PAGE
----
There are several myths about arbitration which hide its true purpose – to immunize big companies from their fraud and breach of contract with individuals. Arbitration has been touted as an affordable and efficient method of resolving disputes. However, our experience with the process based on representing hundreds of individuals has been that it is not affordable and is slanted heavily in favor of big companies.
THE PERFECT EXAMPLE
Fortman Law represents franchisees in disputes with the franchisor. Here’s how those disputes arise… An individual wants to leave the rat race of the corporate world to become his or her own boss. They like the idea of their success being directly dependent on their own hard work. The person may look around and have some ideas about the types of business which interest them. Ultimately, they come upon the idea of purchasing a franchise. The attraction to a franchise is that the person is buying into an existing brand. They are not reinventing the wheel. They will be in business for themselves rather than by themselves. The individual thinks that they have a better chance of success because there will be help to get them through the rough times.
The individual finds a franchise that they want to explore further. They receive information, including a Franchise Disclosure Document, also known as the FDD. The FDD is required by the Federal Trade Commission and must be provided to the potential franchisee. We will discuss the FDD in a separate blog. The individual looks at all the information and decides to sign a franchise agreement. They pay the required fees and get started. In many of our cases, things then start to sour. The franchisee realizes that the franchisor has lied to them about how much they will make or the support that will be provided. The franchisee has invested retirement funds or they may have a loan through the SBA but they are not making any money. The franchisee then decides to consult with Fortman Law.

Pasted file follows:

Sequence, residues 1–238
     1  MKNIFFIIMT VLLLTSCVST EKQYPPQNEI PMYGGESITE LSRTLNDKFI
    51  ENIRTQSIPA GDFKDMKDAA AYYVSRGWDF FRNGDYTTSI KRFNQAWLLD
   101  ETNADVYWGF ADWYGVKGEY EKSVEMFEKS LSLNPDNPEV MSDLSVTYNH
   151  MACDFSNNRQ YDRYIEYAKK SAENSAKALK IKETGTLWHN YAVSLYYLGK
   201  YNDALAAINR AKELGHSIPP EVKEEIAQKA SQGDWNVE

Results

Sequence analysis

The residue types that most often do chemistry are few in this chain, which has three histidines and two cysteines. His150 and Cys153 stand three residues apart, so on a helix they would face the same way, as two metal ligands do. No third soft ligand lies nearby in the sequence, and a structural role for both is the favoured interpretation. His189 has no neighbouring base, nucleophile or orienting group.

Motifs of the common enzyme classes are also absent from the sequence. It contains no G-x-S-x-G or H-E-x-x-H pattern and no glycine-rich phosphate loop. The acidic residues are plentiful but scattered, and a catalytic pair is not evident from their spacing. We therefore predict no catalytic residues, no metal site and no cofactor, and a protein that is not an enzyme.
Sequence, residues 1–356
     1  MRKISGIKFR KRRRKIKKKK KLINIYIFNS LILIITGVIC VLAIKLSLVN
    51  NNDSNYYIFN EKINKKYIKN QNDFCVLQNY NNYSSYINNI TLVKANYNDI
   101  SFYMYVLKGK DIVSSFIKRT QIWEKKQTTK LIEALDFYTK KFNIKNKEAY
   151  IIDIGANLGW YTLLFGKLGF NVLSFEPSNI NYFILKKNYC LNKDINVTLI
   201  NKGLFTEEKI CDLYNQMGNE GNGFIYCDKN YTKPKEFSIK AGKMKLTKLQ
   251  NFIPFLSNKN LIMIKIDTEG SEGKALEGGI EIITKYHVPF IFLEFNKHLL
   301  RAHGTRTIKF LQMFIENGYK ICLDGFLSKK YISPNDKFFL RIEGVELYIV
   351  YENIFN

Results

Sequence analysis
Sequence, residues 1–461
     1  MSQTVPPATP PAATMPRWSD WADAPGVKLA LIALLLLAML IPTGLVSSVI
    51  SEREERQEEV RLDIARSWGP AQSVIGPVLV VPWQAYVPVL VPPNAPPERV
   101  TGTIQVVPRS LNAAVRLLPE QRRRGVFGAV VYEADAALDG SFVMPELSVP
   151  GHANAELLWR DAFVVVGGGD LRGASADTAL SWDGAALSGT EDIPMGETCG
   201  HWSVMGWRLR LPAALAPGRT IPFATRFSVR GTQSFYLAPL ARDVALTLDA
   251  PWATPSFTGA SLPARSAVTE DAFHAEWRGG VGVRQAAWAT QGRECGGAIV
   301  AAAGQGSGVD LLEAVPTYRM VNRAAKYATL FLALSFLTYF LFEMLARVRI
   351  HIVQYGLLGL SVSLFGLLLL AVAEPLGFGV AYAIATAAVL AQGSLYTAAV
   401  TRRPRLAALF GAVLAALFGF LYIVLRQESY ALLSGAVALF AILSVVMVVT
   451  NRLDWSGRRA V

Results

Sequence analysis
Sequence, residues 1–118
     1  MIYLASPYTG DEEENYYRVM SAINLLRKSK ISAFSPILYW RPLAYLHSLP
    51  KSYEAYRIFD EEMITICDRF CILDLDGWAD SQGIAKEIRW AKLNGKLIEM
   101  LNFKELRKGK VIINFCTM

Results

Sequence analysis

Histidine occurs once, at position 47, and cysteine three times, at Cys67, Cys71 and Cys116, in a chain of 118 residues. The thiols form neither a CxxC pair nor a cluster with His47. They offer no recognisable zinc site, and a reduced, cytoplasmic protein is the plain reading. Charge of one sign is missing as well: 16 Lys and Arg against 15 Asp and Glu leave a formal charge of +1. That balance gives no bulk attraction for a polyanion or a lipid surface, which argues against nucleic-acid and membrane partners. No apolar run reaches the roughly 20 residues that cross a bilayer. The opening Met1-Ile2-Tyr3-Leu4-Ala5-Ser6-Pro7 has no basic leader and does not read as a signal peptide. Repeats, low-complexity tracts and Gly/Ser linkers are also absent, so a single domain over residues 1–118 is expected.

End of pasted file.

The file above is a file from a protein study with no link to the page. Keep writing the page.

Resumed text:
The first document we request from the client is the franchise agreement. One of the key considerations in looking at that agreement is whether it contains a provision for arbitration. Many franchise agreements now contain the requirement that any dispute under that agreement or any dispute based upon the franchise relationship at all must be arbitrated. In addition, it usually requires the franchisee to bring the arbitration to the state where the franchisor has its headquarters.